Half a century ago, Belgian Zoologist Bernard Heuvelmans first codified cryptozoology in his book On the Track of Unknown Animals.

The Centre for Fortean Zoology (CFZ) are still on the track, and have been since 1992. But as if chasing unknown animals wasn't enough, we are involved in education, conservation, and good old-fashioned natural history! We already have three journals, the largest cryptozoological publishing house in the world, CFZtv, and the largest cryptozoological conference in the English-speaking world, but in January 2009 someone suggested that we started a daily online magazine! The CFZ bloggo is a collaborative effort by a coalition of members, friends, and supporters of the CFZ, and covers all the subjects with which we deal, with a smattering of music, high strangeness and surreal humour to make up the mix.

It is edited by CFZ Director Jon Downes, and subbed by the lovely Lizzy Bitakara'mire (formerly Clancy), scourge of improper syntax. The daily newsblog is edited by Corinna Downes, head administratrix of the CFZ, and the indexing is done by Lee Canty and Kathy Imbriani. There is regular news from the CFZ Mystery Cat study group, and regular fortean bird news from 'The Watcher of the Skies'. Regular bloggers include Dr Karl Shuker, Dale Drinnon, Richard Muirhead and Richard Freeman.The CFZ bloggo is updated daily, and there's nothing quite like it anywhere else. Come and join us...

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Monday, January 03, 2011


CFZ Australia never cease to amaze me with how prolific they are:


Llyn Glaslyn in Wales is 126 feet (42 metres) deep and is said to be the location of a legendary monster the 'Afanc.'

The Afanc was a mythical water monster that originally abided in Llyn-yr-Afanc (the Afanc Pool) in the River Conwy. It was a huge beast who would cause flooding to the local area by its thrashing about. Attempts had been made to kill it but to no avail. It was decided to try and entice the creature from the pool and move it to a place where it could not cause any more trouble. Iron chains would be used to bind the creature and two oxen would then drag the creature to another lake. A local girl sang by the lake and the creature left the lake to get closer to her. Local men immediately bound the creature and started to drag it to Llyn Ffynnon Las (now called Llyn Glaslyn). The creature apparently jumped into the new home on arrival and is said to be trapped there.

Read on


On The Track is happening. It is just that trying to make it when everyone involved has this filthy disease is a slow and laborious process. About half of the new episode is finished including a homage to Scorpio Rising and Jon's horrid impersonation of Billy Joel. Sadly, however, you will just have to wait.

ARCHIVING PROJECT: General Forteana Part 37

As you know, Oll has been working on the archiving project since early February 2009 and he is now working on a general mish-mash of a section known as `General Forteana`.

This 37th collection once again really is a collection of completely uncategoriseable stuff, including the Vatican on miracles, golfing deaths, a Roman palace discovery, Elvis's death fraud, a rare bible, and lots more. It doesn't get much better than this. Good stuff.


RONAN COGHLAN: The Awesome Secret of Spring-Heeled Jack

I enclose Page 1 of The Awesome Secret of Spring-Heeled Jack to cheer you up in your swine-flu.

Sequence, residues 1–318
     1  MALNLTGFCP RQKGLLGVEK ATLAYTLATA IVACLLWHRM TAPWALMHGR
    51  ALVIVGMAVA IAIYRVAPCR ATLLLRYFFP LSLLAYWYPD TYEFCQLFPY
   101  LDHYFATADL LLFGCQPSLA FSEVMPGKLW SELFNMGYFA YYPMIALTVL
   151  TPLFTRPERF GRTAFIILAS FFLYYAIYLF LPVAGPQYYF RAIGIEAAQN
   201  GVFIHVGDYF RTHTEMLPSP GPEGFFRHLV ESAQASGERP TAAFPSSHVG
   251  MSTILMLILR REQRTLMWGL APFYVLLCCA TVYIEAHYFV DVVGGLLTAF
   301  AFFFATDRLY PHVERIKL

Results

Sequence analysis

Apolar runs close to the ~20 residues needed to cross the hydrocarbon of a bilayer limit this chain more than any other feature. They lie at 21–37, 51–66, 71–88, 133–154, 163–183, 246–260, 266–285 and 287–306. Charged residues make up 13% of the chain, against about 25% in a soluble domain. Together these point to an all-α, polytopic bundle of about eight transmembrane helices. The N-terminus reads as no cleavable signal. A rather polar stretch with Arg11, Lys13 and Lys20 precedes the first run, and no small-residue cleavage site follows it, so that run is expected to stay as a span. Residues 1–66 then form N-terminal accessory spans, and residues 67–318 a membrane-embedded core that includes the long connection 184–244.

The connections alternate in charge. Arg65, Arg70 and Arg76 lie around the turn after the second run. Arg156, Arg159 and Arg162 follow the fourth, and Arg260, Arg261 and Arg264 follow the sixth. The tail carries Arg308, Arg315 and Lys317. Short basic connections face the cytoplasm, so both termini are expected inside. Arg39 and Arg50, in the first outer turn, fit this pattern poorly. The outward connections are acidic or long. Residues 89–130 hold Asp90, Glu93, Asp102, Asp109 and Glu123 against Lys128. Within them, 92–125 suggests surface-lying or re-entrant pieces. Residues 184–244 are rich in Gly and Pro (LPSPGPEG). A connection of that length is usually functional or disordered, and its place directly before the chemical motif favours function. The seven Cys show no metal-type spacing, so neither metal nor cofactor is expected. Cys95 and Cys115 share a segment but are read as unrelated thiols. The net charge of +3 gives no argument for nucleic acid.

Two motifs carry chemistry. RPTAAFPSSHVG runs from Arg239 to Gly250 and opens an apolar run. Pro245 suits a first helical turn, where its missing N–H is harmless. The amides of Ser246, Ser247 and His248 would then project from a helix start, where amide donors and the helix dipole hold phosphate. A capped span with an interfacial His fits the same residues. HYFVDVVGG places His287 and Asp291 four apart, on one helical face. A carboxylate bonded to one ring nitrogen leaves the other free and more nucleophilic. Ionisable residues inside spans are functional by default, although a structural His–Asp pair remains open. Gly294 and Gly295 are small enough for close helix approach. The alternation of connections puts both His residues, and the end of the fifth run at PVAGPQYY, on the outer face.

“I say, Redders, old bean!”

Sir Jonathan Downes, Bt, leaned forward in his chair, beaming from behind his monocle in the tolerant way he always adopted for the dealing with the less endowed.

“Uh!” answered Nicholas Redfern in the monosyllabic fashion so widespread in his native north of England.
“Have you read about this blighter Spring-Heeled Jack in the jolly old newspaper?”

“Um!” replied Redfern.

In listening to Redfern, paying attention to his intonation was always vital. “Um!” could mean yes, no or even perhaps, depending on the way it was said.

“He goes around blowing gaseous vapours into the faces of parlourmaids and other lowly folk,” informed Downes, thoughtfully stroking his handlebar moustache. “I think, Redders, we must investigate this.”

He rang for the butler.
“Inglis, we shall need the carriage at half past four. We are going to London,” he told that worthy. “I am afraid, sir, that the horses are totally clapped out,” the butler replied.

OLL LEWIS: Yesterday's News Today


On this day in 1903 Thomas Edison electrocuted an elephant as part of his scheming to turn public opinion against Tesla’s AC current. Edison ultimately failed in this and his animal electrocutions (the elephant was part of a long line of such public displays, which usually involved stray dogs or cats) led to the development of the ‘electric chair’ by his technician Harold P. Brown as a form of capital punishment. The electric chair’s first public display was in the execution of William Kemmler in New York. The execution turned into a gory farce when, after passing 1000 volts of electricity through Kemmler for 17 seconds and declaring him dead, it was noticed that he was still breathing. The chair was turned back on, this time set to 2000 volts, and Kemmler’s blood vessels burst, sending blood oozing out of his skin, and the body caught fire. Stephen King based a key scene in The Green Mile on the incident.
And now, the news:

Dolphins, honey guides and golden eagles are man's...
A menagerie under the sea
Lethal bird flu confirmed in S.Korea wild duck
Massive fish kill blankets Arkansas River
5,000 blackbirds
Farmer celebrates 'panda cow' birth
Giant fox caught in Maidstone

There can only be one video responce to that really (also check out the hillarious 'dad dancing' in the crowd):